The next chapter in the story will be rebuilding of a neighborhood — plans have already been designed for many of the displaced families — and the amount of funding the city will get from the Federal Emergency Management Agency to pay for the restoration.
The costly 2 ½-year project included building about 1,000 feet of large shoring wall and grade beam system to retain the 900,000 cubic yards of dirt that would be excavated from the canyon floor and distributed on the collapsed hillside; hauling more than 60,000 cubic yards of material off the site and finding a repository for it; restoring Flamingo Road and constructing a new storm drain serving Madison Avenue; restoration of drainage through the canyon with 600 feet of 72-inch pipes and 2,000 feet of sewer and water lines; and repairing two large Laguna Beach County Water District lines.
As a by-product of the restoration of city infrastructure to protect the welfare and safety of the community, families that lost not only their homes but their property when the hillside crashed into the canyon now have stable, sloping lots on which to rebuild, Community Recovery Coordinator Bob Burnham said. FEMA disaster funding cannot by law be spent on private development.
“Two major achievements overshadow the landslide repair,” Burnham said. “The first was the outpouring of support from the community after the [slide].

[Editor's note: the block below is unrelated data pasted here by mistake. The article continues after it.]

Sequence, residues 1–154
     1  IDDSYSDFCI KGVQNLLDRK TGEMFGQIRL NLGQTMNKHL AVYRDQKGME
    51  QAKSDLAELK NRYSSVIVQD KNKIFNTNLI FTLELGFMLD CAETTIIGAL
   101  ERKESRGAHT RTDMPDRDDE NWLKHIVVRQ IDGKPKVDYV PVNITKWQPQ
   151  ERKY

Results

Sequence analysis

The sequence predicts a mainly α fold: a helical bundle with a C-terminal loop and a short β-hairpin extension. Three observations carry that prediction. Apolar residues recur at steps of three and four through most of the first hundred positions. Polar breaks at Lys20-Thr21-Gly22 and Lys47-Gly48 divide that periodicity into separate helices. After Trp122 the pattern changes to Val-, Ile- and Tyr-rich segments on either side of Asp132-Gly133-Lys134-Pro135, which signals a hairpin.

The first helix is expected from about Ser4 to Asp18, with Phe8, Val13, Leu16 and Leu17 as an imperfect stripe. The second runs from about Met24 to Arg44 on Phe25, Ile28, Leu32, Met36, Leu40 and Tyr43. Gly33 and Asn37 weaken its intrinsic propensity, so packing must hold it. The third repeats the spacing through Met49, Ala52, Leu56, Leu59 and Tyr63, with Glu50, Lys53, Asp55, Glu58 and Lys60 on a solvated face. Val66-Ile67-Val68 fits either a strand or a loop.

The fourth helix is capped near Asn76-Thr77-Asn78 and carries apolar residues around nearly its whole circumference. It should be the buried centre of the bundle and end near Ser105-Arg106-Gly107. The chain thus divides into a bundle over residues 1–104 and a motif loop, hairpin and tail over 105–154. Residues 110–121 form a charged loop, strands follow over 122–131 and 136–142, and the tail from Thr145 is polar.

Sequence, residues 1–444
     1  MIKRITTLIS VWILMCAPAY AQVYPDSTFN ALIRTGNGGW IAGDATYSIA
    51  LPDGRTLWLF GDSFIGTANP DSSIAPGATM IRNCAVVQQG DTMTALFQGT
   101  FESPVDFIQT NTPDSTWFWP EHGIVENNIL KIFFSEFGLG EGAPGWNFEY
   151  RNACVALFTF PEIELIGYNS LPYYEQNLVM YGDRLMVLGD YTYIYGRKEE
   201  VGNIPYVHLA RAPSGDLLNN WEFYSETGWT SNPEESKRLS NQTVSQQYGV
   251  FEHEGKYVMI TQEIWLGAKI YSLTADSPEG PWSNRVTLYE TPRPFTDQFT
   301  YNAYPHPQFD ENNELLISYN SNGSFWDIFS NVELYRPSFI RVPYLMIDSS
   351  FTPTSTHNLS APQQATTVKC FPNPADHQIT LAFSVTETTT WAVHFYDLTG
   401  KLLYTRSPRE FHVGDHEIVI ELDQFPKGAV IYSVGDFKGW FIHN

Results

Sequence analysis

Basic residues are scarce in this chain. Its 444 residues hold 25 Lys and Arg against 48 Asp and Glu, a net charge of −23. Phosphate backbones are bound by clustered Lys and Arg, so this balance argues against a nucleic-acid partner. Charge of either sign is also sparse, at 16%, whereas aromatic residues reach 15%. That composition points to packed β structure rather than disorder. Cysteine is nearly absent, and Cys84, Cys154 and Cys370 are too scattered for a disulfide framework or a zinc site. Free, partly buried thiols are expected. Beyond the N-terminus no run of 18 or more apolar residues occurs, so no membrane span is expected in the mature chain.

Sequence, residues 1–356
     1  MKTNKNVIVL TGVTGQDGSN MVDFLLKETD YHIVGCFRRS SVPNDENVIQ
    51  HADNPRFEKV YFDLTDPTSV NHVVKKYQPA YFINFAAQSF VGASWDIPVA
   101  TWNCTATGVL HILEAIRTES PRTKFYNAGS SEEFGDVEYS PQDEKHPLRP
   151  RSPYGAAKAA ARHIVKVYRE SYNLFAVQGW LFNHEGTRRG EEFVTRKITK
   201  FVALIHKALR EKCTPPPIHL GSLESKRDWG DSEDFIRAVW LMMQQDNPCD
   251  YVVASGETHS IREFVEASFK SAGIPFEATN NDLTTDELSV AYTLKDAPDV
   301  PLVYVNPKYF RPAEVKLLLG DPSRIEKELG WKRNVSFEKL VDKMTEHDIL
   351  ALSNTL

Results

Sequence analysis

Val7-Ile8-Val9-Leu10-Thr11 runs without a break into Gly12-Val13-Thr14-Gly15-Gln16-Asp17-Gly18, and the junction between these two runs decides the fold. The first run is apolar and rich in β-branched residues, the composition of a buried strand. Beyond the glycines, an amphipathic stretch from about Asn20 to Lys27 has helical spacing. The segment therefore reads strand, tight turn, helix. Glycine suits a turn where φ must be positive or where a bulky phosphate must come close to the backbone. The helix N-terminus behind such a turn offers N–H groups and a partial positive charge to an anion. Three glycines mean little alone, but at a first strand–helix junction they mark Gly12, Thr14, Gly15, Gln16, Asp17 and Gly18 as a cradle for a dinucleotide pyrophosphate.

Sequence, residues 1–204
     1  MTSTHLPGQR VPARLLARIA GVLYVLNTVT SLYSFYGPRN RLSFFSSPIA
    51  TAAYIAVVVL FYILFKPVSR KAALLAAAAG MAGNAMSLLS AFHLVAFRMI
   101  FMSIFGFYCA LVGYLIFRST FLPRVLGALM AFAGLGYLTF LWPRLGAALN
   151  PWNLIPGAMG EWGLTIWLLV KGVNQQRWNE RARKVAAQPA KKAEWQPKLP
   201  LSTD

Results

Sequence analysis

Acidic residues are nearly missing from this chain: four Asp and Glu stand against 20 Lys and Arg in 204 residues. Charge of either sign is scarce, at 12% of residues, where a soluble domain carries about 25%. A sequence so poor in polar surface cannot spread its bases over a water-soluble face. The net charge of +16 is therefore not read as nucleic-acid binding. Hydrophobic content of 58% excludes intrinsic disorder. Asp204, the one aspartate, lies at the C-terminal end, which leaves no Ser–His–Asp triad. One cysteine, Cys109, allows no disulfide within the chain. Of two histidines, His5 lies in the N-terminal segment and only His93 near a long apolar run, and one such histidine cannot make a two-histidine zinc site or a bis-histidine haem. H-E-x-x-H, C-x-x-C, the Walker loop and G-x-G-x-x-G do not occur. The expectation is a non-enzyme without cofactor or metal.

“The second was, and is, the strength and courage and resilience shown by the victims as they deal with the financial and emotional issues presented by this disaster.”
At the Dec. 15 dedication ceremonies, Councilwoman Elizabeth Schneider, who was mayor in 2005, said the displaced families should be honored for partnering with the city on the project.
“Do you know how often in disasters a city gets sued and sued over it?” Schneider said. “That didn’t happen here.”
Community support included 14 fundraisers, formation of a committee to lead the campaign for the tax increase and the voters approval of the tax, donations from people and organizations, the mobilization of the Resource and Relief Center, and the unflagging determination of the City Council and staff to complete the project.
“It had to happen,” Frank said.
For stories Nos. 2-10, click here.